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Analyzing Technology Trends for Fun and Profit

January 26, 2015

By Richard P. Mignogna, PhD, PE, GEM Lecturer

 Technology trend watching is a favorite avocation in many fields — energy, transportation, telecommunications — the list is endless. Renewable energy in general, and solar photovoltaics (PV) in particular, provides many great examples of current interest. For example, understanding trends in the efficiency of PV cells is needed to understand the future economics of solar energy. But, can we do more than simply marvel at current progress and just wait and see what comes next? The short answer is yes.

Specialists in strategic technology planning have invested careers studying the dynamics of technological advances and predicting the future direction in technologies of interest to business. The growth in PV cell efficiencies presents an ideal application.

While the relationship between PV cell efficiencies and the cost of solar energy is clear, the plethora of PV technologies available makes a very confusing landscape. Particular varieties of silicon and thin film dominate the landscape now, but for how long? The history of technological advance is replete with competing technologies vying for dominance in the marketplace (Remember the Beta vs VHS wars? Now followed by BlueRay vs HD-DVD) The current energy arena is no different. For example, silicon, thin film (in different flavors), organic solar cells, etc. are all on their own performance trajectories. How do we assess their comparative potential? Not where they are today but where they will be in the future?

Most have heard of Moore’s Law, which describes the exponential growth in computing power over time, but few know that Moore’s Law is merely a singular application of a broad class of growth models that apply to technological advance in general. Less well understood is how to apply such models to the vast quantity of trend data that has become available in renewable energy (think photovoltaics, wind energy, energy storage, etc.) and a host of other technologies of interest to energy planners, utilities, developers, manufacturers, researchers, R&D managers, strategic planners, venture capitalists, and investors in emerging technologies.

Is there a Moore’s law for energy in general and various renewable energy technologies in particular? Of course there is. The problem is there are many, and the first order of business is to define the technology of interest – for PV, think silicon vs CdTe vs CIGS vs organic PV vs etc., etc., etc. – and the metrics that will allow you to assess their performance over time.

But, there is more to this than simply turning such technology assessments into a data dredging exercise. It is common to consult with individual “experts” but unfortunately their biases often limit, albeit unintentionally, their ability to provide an objective picture. More worrisome, perhaps, would be relying on overpriced reports from the big market research houses whose optimistic growth forecasts are typically unsubstantiated, or on the projections of advocacy organizations.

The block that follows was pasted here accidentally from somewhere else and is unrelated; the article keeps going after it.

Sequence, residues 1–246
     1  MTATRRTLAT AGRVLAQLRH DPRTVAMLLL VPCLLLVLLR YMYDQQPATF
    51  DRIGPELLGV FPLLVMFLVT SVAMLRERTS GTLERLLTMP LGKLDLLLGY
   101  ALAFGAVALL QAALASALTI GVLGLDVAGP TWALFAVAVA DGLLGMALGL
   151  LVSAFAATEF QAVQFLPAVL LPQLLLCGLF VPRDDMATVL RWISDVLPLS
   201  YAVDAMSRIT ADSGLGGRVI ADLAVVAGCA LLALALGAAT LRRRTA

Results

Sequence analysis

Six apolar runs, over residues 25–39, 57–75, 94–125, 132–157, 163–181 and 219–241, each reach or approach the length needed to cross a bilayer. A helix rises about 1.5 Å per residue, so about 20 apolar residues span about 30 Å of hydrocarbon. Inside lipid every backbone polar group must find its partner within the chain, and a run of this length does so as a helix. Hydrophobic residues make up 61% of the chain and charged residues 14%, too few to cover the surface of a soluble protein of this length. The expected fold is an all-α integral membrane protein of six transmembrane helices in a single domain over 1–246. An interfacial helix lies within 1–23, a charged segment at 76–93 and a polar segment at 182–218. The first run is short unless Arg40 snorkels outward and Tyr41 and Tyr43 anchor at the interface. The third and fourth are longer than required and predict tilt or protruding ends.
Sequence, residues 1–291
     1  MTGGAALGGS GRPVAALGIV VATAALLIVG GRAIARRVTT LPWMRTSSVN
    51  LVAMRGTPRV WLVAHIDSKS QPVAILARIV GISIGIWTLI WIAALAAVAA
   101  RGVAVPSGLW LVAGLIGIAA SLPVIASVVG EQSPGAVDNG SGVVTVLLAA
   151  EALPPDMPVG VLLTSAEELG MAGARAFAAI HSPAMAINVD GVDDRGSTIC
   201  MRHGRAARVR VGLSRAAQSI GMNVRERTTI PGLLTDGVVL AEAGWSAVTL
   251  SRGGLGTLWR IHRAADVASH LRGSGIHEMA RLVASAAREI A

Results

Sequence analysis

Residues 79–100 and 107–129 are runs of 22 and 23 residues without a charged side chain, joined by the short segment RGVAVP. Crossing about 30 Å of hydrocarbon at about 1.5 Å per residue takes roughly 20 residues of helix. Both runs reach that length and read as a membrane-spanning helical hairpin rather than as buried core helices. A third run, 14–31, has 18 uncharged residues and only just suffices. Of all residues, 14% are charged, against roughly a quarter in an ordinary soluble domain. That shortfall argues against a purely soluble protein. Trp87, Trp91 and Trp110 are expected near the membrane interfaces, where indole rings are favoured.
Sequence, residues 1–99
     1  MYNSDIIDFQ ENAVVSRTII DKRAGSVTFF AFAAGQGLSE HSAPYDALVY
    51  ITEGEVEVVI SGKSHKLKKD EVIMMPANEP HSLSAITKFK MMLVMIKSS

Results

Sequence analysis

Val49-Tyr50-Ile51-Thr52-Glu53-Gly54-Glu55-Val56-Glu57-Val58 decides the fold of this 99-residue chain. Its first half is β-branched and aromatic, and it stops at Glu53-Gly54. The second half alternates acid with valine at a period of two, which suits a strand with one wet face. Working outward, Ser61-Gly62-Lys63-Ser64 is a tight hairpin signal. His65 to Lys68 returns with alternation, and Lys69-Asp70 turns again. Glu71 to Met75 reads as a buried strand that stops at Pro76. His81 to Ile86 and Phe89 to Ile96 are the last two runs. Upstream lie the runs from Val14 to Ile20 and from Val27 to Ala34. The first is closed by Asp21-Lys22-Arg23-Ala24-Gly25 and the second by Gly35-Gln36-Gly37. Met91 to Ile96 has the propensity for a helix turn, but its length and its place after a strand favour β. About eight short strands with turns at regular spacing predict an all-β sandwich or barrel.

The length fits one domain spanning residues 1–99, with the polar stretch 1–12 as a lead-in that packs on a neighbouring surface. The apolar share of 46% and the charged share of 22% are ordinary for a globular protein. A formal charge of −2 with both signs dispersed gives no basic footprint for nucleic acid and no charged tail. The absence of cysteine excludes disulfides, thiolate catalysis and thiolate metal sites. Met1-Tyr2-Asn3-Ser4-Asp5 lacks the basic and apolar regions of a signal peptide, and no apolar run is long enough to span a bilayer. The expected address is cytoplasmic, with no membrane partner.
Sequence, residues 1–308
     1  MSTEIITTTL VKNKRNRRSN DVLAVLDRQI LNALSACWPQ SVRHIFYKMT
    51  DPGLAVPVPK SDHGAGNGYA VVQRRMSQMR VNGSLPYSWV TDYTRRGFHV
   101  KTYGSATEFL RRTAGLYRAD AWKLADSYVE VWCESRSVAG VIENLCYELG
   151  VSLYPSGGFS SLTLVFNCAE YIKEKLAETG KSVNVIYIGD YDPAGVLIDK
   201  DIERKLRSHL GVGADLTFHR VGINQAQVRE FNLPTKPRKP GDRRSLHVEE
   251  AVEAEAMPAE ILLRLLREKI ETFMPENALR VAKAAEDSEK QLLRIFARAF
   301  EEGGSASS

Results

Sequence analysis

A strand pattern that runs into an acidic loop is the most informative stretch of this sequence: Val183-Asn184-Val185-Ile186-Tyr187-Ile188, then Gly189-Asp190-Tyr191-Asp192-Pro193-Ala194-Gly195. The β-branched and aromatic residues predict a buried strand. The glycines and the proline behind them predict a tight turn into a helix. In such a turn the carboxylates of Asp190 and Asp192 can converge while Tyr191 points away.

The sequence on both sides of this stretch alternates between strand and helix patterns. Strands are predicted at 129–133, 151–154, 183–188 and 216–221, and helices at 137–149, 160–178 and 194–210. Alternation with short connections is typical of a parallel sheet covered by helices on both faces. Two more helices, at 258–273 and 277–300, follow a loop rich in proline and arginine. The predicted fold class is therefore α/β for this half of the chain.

Fortunately, more rigorous approaches for aggregating the diverse opinions and experiences of multiple experts are available to help arrive at a more complete picture of future advances in technologies of interest. And, combining these qualitative approaches with the aforementioned trend analyses can equip technology planners with a fairly robust suite of methods to analyze emerging technologies and plan technology investments.

It is incumbent on those who are making and managing investments to have some understanding of the dynamics of technological advance to help guide their decision making. It is not too essential that a given forecast must be proved accurate; it is rather the learning gained from engaging in the exercise that enables better decision making.

So where do you start?

1. Determine the performance parameters that can help you describe technological advance (hint: sales growth is NOT a technological performance parameter). For PV, cell efficiencies are a good place to start but there are others. For wind energy, rotor diameter, hub height, and turbine nameplate capacities are also a good starting place.

2. Obtain trend data on the metrics of interest but be careful not to mix different technologies. For example, if looking at trends in the speed of aircraft, do not mix propeller driven aircraft with jet aircraft as they are fundamentally different technologies and this will only make a mess of your analysis.

3. Understand where you are on the technology s-curve of the technology you are researching. There is always some physical limitation to the performance of every technology. Are you close to it? (See the figure below). Know how and when to apply the proper growth models (Gompertz, Pearl-Reed, Fisher-Pry, etc.) to complete your analysis.

4. If looking at the substitution of an emerging technology for an incumbent one, consider that such substitutions often take longer than expected – in spite of what you may read in the press about “game changers” – and it is not uncommon for such an attack to motivate improvements in the incumbent technology.

Finally, using the tools I’ve described in planning your technology strategy is only a starting point. Work to understand what the data is telling you. And most importantly, understand that trend is not destiny

For years, as principal in Technology/Engineering Management Int’l (TEMI) I have taught the principles of technology forecasting and technology intelligence to researchers, planners, analysts, R&D managers and others charged with strategic technology planning, competitive analysis, technology road-mapping, technology scouting, technology assessment, and technology transfer. To learn more, contact me personally at

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